Provide index cards for students to jot down questions they might have as they listen to the presentation. Encourage them to do this and to hand the cards to you, so you can relay them to the webinar for Jeff’s response.
View the webinar together. Ask students to pass in their questions/points of interest for submission to Jeff. These questions can also be used by the teacher after the webinar for subsequent discussion.
If your students are using the Student Question Worksheet, preview the questions before viewing the webinar. You might choose to use the Worksheet as a formative assessment tool, in which case you could collect it before this discussion. Answers to the worksheet are also provided here.
If you are watching the webinar live, it will likely take about an hour. If you choose to replay it at a later time, you will have the option to break after the slide show (about 30 minutes) and continue with question and answers at a later time.
Post-Webinar Activities (Explain and Extend): STEM Links A. Technology: linking to the Web 1. Link to “Operation Noah’s Ark” – What Can Be Done before an Oil Spill Happens?
In Operation Noah's Ark, scientists collect various coastal species in case oil hits the wetlands coast. They are not collecting the larger animals in a food chain, but rather those that are part of the secondary consumer diet. Therefore, rather than focus on pelicans or sea turtles- they collect the fundamental building blocks of coastal ecology, such as fiddler crabs, blue crabs, and various fish. They are held in the Gulf Specimen Marine Lab in Panacea, Florida. Students can watch this YouTube video and then answer the following questions.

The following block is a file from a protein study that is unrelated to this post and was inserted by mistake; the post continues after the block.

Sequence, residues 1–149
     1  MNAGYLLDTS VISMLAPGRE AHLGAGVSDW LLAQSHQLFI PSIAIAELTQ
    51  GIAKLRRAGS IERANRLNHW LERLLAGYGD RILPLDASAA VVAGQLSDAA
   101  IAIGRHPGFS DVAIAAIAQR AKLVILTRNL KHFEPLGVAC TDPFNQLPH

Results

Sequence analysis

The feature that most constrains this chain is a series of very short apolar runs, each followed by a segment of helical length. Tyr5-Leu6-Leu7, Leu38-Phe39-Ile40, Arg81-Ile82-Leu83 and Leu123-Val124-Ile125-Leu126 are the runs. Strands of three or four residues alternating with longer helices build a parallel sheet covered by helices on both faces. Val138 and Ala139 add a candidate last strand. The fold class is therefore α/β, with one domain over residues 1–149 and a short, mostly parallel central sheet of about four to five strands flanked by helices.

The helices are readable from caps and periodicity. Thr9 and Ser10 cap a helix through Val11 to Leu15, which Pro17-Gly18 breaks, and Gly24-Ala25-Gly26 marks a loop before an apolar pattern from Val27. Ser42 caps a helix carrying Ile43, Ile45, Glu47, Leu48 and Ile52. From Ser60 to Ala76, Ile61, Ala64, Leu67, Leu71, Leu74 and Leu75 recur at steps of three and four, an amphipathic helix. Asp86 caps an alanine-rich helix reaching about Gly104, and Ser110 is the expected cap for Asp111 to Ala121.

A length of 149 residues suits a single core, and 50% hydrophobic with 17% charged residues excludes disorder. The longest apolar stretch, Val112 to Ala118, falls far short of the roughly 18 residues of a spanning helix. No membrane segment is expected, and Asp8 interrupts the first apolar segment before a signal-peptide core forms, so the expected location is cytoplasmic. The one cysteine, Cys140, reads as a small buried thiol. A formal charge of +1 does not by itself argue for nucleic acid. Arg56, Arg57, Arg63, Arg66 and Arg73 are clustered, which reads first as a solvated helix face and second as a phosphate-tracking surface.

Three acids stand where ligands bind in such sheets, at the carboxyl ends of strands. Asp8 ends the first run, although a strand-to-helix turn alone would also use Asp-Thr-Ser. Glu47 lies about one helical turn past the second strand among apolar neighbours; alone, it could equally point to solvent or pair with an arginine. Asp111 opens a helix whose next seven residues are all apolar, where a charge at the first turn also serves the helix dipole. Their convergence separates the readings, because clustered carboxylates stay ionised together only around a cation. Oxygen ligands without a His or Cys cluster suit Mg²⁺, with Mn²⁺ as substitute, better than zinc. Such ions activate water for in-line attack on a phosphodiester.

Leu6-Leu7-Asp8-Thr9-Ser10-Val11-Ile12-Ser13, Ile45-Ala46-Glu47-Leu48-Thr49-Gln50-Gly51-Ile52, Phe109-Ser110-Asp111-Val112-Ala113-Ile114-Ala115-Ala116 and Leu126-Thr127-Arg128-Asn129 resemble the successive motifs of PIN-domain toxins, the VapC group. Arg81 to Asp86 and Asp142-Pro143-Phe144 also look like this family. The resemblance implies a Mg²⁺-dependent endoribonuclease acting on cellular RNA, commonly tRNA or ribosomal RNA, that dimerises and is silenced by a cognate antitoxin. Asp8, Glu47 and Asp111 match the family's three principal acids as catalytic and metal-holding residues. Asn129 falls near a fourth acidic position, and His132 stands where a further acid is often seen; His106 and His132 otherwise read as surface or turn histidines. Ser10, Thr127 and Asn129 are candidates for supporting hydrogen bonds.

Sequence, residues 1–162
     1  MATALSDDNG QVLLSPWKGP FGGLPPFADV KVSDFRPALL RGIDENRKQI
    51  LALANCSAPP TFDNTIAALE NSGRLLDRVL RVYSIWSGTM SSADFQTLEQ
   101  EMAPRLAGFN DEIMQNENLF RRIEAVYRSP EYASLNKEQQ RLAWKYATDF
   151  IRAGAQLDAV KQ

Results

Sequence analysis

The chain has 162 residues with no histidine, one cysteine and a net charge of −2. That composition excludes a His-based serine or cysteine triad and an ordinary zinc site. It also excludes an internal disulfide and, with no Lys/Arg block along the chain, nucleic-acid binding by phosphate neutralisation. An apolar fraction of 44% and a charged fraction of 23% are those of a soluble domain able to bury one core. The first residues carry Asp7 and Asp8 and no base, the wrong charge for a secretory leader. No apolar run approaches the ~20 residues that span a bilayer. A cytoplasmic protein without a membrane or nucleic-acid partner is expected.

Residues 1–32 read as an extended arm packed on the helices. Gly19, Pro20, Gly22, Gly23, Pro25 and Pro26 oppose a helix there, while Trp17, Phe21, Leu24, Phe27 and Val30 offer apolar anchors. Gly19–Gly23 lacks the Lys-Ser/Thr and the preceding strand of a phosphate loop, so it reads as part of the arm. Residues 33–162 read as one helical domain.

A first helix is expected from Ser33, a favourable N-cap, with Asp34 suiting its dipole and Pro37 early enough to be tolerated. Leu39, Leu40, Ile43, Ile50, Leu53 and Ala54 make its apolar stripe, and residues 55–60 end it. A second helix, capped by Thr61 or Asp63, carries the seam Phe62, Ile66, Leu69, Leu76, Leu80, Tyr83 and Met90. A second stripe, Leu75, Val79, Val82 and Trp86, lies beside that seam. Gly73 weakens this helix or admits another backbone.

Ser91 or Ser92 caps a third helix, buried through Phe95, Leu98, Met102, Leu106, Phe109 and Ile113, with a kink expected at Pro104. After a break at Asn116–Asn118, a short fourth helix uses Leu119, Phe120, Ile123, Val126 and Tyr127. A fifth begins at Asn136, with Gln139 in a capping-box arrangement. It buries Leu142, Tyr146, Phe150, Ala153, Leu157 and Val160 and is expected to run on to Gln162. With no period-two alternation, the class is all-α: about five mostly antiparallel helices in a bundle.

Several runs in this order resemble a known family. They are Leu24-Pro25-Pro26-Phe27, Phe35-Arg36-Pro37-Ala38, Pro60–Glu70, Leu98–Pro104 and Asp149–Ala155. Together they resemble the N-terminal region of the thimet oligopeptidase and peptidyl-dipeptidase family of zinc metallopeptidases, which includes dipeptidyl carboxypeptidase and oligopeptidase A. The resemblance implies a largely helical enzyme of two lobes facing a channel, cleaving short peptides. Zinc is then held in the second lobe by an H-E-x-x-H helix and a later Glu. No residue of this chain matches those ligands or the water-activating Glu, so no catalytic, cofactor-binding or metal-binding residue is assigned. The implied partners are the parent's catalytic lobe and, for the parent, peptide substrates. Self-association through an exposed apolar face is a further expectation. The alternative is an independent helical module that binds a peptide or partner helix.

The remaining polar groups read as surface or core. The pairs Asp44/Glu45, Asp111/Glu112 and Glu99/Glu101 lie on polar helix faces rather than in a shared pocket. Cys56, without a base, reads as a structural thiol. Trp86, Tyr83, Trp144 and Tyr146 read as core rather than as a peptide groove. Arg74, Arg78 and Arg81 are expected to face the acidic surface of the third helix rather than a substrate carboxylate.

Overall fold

a. Why is it important to save organisms at the bottom of the food chain, otherwise known as primary consumers?
In the links below, find four sets of information regarding the various marine organisms that live in the Gulf of Mexico. Teachers will need to print out the links, or allow students to go online and read the information. Organize students into groups of four. Each student in the group will read and become an expert in one of the animal links below. Once all readings are done, students will discuss each of the organisms with the others at the table.
http://sero.nmfs.noaa.gov/pr/pdf/Protected%20Species%20In%20GOM-web%20version%202-7-08.pdf B. What if you had to clean up an oil spill?
Linking to Siemens Science Day Hands-on Activity: Oil Spill Clean Up Suppose you were in charge of cleaning up an oil spill. How would you know what to do? Are you prepared? Visit the Siemens Science Day link below to download an oil-spill cleanup simulation activity and corresponding video and let students try their hands at both understanding an oil spill and the options for its cleanup. This is an exciting, hands-on investigation where students will use a variety of materials to attempt to clean up a simulated oil spill.